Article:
Can Dogs Cry Tears Of Sadness?

Can Dogs Cry Tears Of Sadness?

Dog tears

Has your dog ever stared at you with sad eyes? Maybe even with a tear or two? If you thought they may have been crying, you aren’t alone. Many owners assume their dog cries tears of sadness, but that is actually not true. Although dogs are sensitive and compassionate creatures, dogs cannot cry tears of sadness. So what does it mean if your dog looks like they’re crying and how do they react to someone else crying? Read on to learn more.

Why Dogs “Cry”

Like humans, dogs have tear ducts that helps keep their eyes functioning properly. Unlike humans, though, the tear ducts drain liquid back towards the nose and throat area. But, just because they don’t cry out of sadness, doesn’t mean they don’t experience sorrow. Dogs grieve in their own way – not by shedding tears but by becoming aloof or lethargic.

So, if your dog looks like they are crying, it might be a sign something is wrong. Allergies can cause eye watering. Dogs can be allergic to environmental factors like dust, pollen, and smoke or food ingredients. If your dog has an infection, you may notice yellow, mucusy, or bloody tears. If your dog’s tears look like that, bring them to the vet immediately.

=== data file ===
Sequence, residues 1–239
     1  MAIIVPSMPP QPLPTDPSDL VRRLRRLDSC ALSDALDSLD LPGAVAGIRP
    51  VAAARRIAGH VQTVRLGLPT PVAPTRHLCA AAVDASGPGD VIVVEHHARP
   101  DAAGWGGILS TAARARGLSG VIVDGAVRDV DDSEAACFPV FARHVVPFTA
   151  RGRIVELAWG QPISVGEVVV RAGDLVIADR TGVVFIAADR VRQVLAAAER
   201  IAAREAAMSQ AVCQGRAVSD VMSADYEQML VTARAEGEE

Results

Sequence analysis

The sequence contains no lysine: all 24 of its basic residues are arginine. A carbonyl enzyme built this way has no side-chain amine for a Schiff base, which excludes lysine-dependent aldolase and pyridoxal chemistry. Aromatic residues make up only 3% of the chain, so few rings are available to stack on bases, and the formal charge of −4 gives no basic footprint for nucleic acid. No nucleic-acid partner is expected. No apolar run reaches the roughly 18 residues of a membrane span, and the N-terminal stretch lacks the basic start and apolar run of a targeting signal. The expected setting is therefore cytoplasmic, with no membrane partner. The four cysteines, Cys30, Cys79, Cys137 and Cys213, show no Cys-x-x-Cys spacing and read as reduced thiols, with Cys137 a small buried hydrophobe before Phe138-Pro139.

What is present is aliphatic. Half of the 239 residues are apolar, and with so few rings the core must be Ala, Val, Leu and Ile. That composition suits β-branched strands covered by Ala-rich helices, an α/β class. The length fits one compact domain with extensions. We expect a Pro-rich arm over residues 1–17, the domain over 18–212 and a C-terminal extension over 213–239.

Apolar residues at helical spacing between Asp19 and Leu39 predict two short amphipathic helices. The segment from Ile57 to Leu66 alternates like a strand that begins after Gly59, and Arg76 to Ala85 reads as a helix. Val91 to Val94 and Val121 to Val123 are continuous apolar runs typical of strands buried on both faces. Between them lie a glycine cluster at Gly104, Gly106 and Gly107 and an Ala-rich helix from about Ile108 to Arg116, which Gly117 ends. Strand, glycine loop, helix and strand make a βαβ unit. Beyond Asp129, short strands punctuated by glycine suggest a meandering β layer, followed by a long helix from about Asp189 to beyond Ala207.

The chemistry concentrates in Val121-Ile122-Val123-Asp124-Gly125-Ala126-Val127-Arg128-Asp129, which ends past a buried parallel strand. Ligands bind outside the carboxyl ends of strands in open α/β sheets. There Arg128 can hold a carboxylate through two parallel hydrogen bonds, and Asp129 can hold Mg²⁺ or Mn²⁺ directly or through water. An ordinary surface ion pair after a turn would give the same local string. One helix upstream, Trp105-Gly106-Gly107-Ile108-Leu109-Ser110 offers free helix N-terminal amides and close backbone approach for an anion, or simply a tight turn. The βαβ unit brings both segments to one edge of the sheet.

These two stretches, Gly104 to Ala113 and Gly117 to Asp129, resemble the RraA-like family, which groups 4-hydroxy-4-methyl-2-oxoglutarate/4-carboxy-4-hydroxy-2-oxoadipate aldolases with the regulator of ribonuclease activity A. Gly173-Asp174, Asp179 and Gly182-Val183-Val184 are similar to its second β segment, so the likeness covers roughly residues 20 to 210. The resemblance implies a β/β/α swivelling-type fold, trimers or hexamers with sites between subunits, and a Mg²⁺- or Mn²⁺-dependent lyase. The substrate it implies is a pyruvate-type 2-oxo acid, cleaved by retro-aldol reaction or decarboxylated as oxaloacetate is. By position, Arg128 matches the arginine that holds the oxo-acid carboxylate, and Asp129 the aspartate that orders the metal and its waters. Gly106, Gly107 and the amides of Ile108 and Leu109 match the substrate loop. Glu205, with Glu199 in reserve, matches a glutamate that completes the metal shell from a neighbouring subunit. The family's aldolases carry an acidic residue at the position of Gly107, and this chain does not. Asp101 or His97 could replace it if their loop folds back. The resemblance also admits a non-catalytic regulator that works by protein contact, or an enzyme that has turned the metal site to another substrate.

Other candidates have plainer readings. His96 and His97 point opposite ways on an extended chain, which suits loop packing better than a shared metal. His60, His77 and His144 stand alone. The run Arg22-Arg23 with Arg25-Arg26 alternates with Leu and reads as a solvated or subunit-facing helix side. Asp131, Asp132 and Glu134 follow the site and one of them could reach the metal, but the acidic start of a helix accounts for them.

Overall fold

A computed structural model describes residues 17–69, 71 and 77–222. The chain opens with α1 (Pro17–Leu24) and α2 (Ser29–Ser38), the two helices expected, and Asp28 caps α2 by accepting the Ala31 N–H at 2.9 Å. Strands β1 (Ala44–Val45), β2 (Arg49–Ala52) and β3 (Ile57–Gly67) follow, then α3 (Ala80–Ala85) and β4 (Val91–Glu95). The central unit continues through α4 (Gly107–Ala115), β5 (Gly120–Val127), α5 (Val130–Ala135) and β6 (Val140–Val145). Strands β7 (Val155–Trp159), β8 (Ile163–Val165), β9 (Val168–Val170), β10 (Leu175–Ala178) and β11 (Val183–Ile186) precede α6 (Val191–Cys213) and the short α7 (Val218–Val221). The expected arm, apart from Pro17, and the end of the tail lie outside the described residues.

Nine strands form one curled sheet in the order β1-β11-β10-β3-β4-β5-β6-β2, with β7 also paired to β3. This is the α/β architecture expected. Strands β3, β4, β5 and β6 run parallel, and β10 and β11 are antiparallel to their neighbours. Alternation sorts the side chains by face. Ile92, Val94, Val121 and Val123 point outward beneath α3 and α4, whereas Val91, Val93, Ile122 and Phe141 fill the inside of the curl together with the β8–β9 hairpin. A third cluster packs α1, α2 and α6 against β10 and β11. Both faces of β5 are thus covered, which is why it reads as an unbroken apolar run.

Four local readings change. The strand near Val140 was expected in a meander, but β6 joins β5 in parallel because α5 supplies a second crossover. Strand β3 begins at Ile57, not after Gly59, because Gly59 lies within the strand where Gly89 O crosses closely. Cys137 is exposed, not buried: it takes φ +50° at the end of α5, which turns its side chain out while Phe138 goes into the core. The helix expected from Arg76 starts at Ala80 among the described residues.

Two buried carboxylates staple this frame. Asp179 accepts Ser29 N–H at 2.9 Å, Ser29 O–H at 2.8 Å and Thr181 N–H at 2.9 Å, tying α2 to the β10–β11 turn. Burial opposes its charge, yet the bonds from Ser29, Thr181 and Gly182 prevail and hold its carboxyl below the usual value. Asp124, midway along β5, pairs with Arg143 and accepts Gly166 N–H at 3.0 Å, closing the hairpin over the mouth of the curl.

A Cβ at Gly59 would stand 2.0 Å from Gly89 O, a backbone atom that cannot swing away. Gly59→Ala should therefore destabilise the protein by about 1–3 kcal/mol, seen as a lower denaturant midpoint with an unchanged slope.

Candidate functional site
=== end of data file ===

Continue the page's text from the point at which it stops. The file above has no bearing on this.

Dogs can also suffer from blocked tear ducts which causes eye discharge known as epiphora. You can tell it is epiphora if the area around their eye is damp. Contact your veterinarian if you notice any of these symptoms.

Active dogs can suffer from scratched corneas. Rough play or running through thick bushes can lead to a scratched cornea and cause your dog to paw at their eye, blink a lot, or have an inflamed eye area.

Lastly, a dog could simply have a speck a dirt or eyelash stuck in their eye. If this is the case, the tearing should clear up on its own but watch for more serious or prolonged symptoms.

A Dogs Response to Tears

Now that you know why dogs cry, it’s time to look at how they respond to someone else crying. Studies have shown that dogs respond to tears uniquely. Dogs are more likely to approach a person who is crying over someone is humming or talking. They also respond with submissive behavior to someone who is crying.

Though it is not proven that dogs can understand our pain or demonstrate empathy, the fact that they can differentiate between humming and crying points to a stronger overall response than just curiosity.

So, next time you notice tears in your pup’s eyes, make sure it isn’t a sign of something more serious. And next time you’re feeling down, watch how your dog reacts to you. You may be surprised how responsive they are!

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